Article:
The study probes the perceptions of criminal justice majors. In essence, the study aims to determine if the formal educational background of a criminal justice major is a vital factor in the shaping of an individual’s perception of the criminal justice system as compared to those who do not have any.
Students from the university were sampled to serve as the respondents for the study who were divided into two groups: criminal justice majors and non majors. The study’s assumption was: there is no significant difference between the perception of the criminal justice majors and non majors.
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Chapter I: Introduction
Over the years, studies have been made to shed light on the issue of criminal justice as perceived by the general public and by the criminal justice majors. The perception of the general pubic and the criminal justice majors, of course, differs in a lot of aspects.
Logically, non criminal justice majors or the public mainly rely on the mass media for the information that they need while the criminal justice majors have a broader background on the issue of crime and criminal justice.
Criminal justice majors are usually exposed with researches that would explain phenomena in the field of criminal justice. Thus, there is a definite difference between the perception of the criminal justice majors and the public (Tsoudis, 2000).
But then, an exploratory study is needed to further back up this claim. Does the education background of the criminal justice majors has something to do with their perception of crime and criminal justice?
How can this educational background of the criminal justice majors would eventually influence or affect the perception of the general public? How influential can the media be in shaping the public’s perception of crime and criminal justice?
These questions are only few that have to be answered to prove that the claims of the previous studies are valid and logical.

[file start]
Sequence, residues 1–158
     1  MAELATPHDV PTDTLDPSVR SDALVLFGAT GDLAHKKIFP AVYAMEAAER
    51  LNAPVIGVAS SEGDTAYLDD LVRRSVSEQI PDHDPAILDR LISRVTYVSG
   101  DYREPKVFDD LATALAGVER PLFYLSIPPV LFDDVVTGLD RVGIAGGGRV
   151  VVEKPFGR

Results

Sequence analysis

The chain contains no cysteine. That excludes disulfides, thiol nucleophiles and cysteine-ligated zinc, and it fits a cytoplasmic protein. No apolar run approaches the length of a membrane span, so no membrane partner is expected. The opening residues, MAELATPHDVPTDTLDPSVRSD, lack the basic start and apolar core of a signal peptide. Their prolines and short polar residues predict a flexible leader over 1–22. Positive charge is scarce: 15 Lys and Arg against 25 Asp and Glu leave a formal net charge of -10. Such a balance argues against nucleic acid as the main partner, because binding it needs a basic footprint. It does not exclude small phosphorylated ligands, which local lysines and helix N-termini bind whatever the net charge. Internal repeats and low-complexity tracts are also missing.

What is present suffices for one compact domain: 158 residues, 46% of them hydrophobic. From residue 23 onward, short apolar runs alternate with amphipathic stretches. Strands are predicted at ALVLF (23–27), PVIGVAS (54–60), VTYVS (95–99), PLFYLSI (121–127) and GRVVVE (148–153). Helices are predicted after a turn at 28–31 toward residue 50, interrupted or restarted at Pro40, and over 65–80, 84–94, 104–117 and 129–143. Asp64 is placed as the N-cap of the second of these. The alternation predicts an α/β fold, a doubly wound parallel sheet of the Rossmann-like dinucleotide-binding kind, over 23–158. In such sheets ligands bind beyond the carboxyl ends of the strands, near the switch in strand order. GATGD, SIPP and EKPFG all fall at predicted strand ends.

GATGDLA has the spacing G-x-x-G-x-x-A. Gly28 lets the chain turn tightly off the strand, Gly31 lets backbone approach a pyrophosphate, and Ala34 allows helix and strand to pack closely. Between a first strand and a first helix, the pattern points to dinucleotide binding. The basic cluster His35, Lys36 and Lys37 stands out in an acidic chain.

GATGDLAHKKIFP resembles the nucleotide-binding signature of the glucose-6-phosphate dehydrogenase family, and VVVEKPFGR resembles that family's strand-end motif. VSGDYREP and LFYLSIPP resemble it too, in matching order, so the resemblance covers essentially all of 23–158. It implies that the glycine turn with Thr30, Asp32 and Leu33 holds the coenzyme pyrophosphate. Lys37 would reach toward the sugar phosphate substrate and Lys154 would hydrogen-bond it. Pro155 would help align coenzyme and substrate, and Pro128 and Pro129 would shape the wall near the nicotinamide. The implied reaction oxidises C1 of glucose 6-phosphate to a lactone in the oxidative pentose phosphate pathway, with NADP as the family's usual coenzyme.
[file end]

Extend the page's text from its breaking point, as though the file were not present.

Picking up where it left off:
The media has also been the main source of information among the public. Undeniably, groups of people mainly rely their notion and perceptions over things on the information that they consume provided by the media.
There have been debates over the influence of the media and its tendency to veer away from truth. Some media outfits are guilty of exaggerating news items especially those dealing with crimes for the simple reason of getting a “controversial scoop” or because they have doing it unconsciously.
Nadler (2005) writes, “Such media play can undermine the public’s perception of the legitimacy of law enforcement generally. This loss of legitimacy and distrust of the fairness of the legal system, can in turn lead to more widespread lawbreaking.”
Connie McNeely (1995) writes that most of what Americans understand about law enforcement comes from what they view in the media, mainly television and movies.
Aside from these media experiences, many Americans do not have the first hand knowledge of the inter-workings of border patrol or general law enforcement at the community level.
True enough, media have the great role of shaping the minds of its audience.
Because her insights are somewhat outdated in this day and age of television shows like CSI and 24, it would be interesting to carry out further study of this idea. Still her study warrants close examination as she furthers her argument by writing:
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